I’m not technology-averse, but neither I am a first-adopter. I had a flip phone long after everyone else had moved on to smartphones, and I didn’t add texting to our phone package until 2009, when the Kiddo begged and pleaded with me, using the rationale that her work study boss expected to be able to contact her via text. (I still don’t know if that was true, but she got extra credit for creative persuasion, which tipped the balance to a yes on text capability.) Part of my reasoning for waiting until new tech isn’t new is that I want to wait until the cost of the technology comes down; part of it is a show-me-why-it’s-better attitude; and yes, some of it is resistance to change.
But sometimes that change is forced upon you. When I recently got my new-to-me car, it came without a CD player but did have bluetooth. I rarely listen to the radio, so my music choices had always been dependent on which CD I pulled from the stack in my center console. Without a CD player and with no intention of keeping Sirius radio once my complimentary trial ran out, I was faced with a dilemma. I immediately consulted my personal tech gurus (Kiddo and SIL), and they had two immediate solutions. They added me to their Google music subscription, so I could stream whatever music I wanted. In addition to that, they suggested I might want to add podcasts to my listening choices. Of course, I was aware of the existence and popularity of podcasts, but I had never listened to one. Directed to a podcast app (they suggested Podcast Addict), I was able to search by categories, by what was new or trending, and even for free audiobooks. It was a revelation. I know there are a number of you thinking, “Oh, Do, you really need to start living in the 21st century,” but I bet there are also a few of you who are thinking that maybe now is as good a time as any to explore podcasts. Below are some of my current favorites; please add any of yours in the comments.
An equinox occurs twice a year, when the tilt of the Earth’s axis is inclined neither away from nor towards the Sun, the Sun being vertically above a point on the Equator. The latitudes +L and -L north and south of the equator experience nights of equal length and the celestial equator has intersected the ecliptic in the axial precession.
This year’s Autumnal Equinox, when the light and dark are equal – but moving towards dark – arrived at 2:50am Central Time on Monday, September 23rd.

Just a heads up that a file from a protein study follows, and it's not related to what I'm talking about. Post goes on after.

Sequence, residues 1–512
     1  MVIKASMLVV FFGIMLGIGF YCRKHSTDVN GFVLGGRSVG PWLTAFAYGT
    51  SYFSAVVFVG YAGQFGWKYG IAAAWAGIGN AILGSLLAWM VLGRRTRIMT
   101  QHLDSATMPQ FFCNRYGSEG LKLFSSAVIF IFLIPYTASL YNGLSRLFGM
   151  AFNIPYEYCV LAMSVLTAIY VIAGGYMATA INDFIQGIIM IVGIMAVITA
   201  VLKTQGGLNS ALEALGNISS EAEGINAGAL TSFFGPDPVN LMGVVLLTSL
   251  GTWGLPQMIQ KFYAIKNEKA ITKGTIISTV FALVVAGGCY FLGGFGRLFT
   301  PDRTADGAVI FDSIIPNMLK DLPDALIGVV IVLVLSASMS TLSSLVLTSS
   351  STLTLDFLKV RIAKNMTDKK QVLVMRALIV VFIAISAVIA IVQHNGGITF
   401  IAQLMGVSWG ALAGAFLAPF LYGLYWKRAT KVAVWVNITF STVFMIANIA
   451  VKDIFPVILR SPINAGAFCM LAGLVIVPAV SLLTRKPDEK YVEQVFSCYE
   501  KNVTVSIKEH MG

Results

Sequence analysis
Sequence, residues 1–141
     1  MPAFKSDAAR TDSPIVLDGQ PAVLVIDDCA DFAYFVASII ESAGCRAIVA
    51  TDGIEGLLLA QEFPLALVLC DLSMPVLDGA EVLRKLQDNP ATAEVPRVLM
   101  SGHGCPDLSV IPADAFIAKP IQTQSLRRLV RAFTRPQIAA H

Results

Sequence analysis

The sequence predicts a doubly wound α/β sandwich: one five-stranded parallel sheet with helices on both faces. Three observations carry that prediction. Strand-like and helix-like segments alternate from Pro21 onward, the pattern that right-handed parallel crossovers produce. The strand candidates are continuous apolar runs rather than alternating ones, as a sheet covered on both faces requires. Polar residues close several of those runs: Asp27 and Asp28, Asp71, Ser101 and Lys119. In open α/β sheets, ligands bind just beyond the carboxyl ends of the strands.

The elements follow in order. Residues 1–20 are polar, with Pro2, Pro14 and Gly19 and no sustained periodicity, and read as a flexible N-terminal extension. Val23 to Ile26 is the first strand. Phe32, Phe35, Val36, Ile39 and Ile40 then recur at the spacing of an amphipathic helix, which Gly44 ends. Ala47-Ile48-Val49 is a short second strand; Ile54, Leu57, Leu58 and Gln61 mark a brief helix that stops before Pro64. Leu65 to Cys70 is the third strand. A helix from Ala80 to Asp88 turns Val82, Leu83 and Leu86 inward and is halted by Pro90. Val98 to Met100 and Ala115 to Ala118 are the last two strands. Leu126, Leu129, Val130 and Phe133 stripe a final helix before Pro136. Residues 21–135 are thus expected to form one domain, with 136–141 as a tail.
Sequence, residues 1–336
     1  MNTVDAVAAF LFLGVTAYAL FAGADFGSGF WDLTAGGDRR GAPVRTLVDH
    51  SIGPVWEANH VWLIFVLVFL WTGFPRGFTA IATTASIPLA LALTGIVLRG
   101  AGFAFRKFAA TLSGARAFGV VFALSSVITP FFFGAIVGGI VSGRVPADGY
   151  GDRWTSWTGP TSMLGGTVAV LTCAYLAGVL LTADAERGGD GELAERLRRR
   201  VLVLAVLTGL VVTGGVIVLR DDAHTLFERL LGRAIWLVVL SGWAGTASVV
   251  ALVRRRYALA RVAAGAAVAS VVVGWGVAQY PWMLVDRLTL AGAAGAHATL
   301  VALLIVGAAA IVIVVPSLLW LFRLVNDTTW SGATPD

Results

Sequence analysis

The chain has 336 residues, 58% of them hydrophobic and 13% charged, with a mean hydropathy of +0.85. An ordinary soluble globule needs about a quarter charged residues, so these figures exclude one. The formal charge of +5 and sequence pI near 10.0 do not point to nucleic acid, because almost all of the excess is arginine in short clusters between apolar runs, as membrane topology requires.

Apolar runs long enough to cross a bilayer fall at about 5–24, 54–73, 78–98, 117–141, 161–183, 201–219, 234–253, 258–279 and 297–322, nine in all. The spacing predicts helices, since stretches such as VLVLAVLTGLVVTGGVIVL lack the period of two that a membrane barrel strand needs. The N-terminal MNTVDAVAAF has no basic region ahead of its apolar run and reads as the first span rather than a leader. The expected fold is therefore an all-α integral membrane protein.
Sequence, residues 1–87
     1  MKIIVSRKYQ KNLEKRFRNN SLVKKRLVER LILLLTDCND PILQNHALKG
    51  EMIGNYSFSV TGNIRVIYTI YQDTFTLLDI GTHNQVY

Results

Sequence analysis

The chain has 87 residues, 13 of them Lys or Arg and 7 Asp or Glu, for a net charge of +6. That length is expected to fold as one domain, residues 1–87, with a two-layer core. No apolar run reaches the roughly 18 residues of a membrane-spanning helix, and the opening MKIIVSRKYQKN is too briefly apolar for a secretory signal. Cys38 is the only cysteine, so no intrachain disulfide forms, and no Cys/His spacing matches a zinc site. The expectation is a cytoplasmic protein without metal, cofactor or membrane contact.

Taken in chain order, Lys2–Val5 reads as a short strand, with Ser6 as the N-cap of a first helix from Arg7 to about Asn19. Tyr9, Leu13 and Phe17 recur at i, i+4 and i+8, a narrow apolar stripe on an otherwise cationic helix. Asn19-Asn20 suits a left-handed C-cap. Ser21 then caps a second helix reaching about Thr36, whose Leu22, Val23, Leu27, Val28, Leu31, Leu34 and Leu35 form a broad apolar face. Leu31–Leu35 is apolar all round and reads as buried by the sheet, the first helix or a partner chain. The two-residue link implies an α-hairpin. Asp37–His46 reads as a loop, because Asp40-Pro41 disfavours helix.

But seasonal celebrations should not be bound by dates and times and such. In fact, it is a good idea to pre-celebrate Equinox so that you do not miss that last fleeting moment when light and dark have equal time. So …
Let the Fall Celebrations Begin !!
Matching donations begins at 10am central
I don’t know who won the debate. I think they all made some good points, and there’s not a one of them that I wouldn’t vote for. But today, or lucky Friday the 13th, there’s $13,000 in matching funds for the AIDS Walk & I’m asking for donations to get some of that money. My goal is to raise $5,000 & I’m almost to $3,000 with 9 days left. So any amount you can give — starting at 10am this morning, will be doubled. And if you’re all tapped out, can you please share this diary? Maybe you know someone who can pitch in $5. That five bucks will become ten — and maybe that person will share this diary, too.
In what will come as shock to absolutely nobody, I’m a bit of a history buff. I was a history (and German) major in college, and I’ve always interspersed my mystery reading with history and history-related books. What I didn’t do on a regular basis is read history by historians; I would read Walter Isaacson or Ron Chernow, who are wonderful, accessible writers, but not historians. When I started using Twitter, it was a revelation. I somehow stumbled across the #Twitterstorians, and a whole new world of academic historians was opened up to me. It’s been a journey filled with interesting, informative tweets and an ever-expanding reading list. Today I want to feature some of the women historians I follow; some I only follow on Twitter, some have books that are on my TBR list, and some have books that I’ve already read. All are herstorians worth getting to know better.